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The full text of this issue is available as a PDF document from the Toolkit section on this page.

The full text of this issue is available as a PDF document from the Toolkit section on this page.

Abstract

OBJECTIVE

To contribute to making searching for Technology Assessment Reports (TARs) more cost-effective by suggesting an optimum literature retrieval strategy.

DATA SOURCES

A sample of 20 recent TARs.

REVIEW METHODS

All sources used to search for clinical and cost-effectiveness studies were recorded. In addition, all studies that were included in the clinical and cost-effectiveness sections of the TARs were identified, and their characteristics recorded, including author, journal, year, study design, study size and quality score. Each was also classified by publication type, and then checked to see whether it was indexed in the following databases: MEDLINE, EMBASE, and then either the Cochrane Controlled Trials Register (CCTR) for clinical effectiveness studies or the NHS Economic Evaluation Database (NHS EED) for the cost-effectiveness studies. Any study not found in at least one of these databases was checked to see whether it was indexed in the Science Citation Index (SCI) and BIOSIS, and the American Society of Clinical Oncology (ASCO) Online if a cancer review. Any studies still not found were checked to see whether they were in a number of additional databases.

RESULTS

The median number of sources searched per TAR was 20, and the range was from 13 to 33 sources. Six sources (CCTR, DARE, EMBASE, MEDLINE, NHS EED and sponsor/industry submissions to National Institute for Clinical Excellence) were used in all reviews. After searching the MEDLINE, EMBASE and NHS EED databases, 87.3% of the clinical effectiveness studies and 94.8% of the cost-effectiveness studies were found, rising to 98.2% when SCI, BIOSIS and ASCO Online and 97.9% when SCI and ASCO Online, respectively, were added. The median number of sources searched for the 14 TARs that included an economic model was 9.0 per TAR. A sensitive search filter for identifying non-randomised controlled trials (RCT), constructed for MEDLINE and using the search terms from the bibliographic records in the included studies, retrieved only 85% of the known sample. Therefore, it is recommended that when searching for non-RCT studies a search is done for the intervention alone, and records are then scanned manually for those that look relevant.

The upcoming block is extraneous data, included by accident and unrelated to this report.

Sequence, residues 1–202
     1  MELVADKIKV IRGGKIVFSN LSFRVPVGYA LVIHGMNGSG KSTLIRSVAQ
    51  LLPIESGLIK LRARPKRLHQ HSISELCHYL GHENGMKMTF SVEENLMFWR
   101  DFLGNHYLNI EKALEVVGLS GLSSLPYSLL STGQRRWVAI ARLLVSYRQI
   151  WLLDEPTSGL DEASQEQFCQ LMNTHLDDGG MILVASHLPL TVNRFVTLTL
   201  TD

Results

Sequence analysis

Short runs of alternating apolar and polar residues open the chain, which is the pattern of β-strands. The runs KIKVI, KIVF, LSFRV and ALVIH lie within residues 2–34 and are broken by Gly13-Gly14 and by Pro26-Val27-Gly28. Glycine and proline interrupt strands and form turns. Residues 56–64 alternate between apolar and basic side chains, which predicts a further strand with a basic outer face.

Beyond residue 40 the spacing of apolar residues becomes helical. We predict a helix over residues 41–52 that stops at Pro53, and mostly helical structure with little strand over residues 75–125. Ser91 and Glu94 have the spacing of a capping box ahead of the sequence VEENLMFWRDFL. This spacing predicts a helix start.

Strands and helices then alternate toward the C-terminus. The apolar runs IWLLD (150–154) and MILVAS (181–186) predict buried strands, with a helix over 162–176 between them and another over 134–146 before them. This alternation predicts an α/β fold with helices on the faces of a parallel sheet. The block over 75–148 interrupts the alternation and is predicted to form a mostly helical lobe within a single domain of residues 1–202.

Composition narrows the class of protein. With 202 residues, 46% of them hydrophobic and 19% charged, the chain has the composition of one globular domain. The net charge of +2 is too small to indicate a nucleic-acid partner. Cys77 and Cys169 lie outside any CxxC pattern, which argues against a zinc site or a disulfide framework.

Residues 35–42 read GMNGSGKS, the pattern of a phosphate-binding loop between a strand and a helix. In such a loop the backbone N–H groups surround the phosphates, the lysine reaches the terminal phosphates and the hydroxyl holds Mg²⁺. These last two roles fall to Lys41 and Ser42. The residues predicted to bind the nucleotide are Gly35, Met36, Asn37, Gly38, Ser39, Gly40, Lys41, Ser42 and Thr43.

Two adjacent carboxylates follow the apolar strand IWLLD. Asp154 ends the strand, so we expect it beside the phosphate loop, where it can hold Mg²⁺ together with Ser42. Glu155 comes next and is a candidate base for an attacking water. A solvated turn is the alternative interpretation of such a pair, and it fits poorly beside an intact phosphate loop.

CONCLUSIONS

Searching additional databases beyond the Cochrane Library (which includes CCTR, NHS EED and the HTA database), MEDLINE, EMBASE and SCI, plus BIOSIS limited to meeting abstracts only, was seldom found to be effective in retrieving additional studies for inclusion in the clinical and cost-effectiveness sections of TARs (apart from reviews of cancer therapies, where a search of the ASCO database is recommended). A more selective approach to database searching would suffice in most cases and would save resources, thereby making the TAR process more efficient. However, searching non-database sources (including submissions from manufacturers, recent meeting abstracts, contact with experts and checking reference lists) does appear to be a productive way of identifying further studies.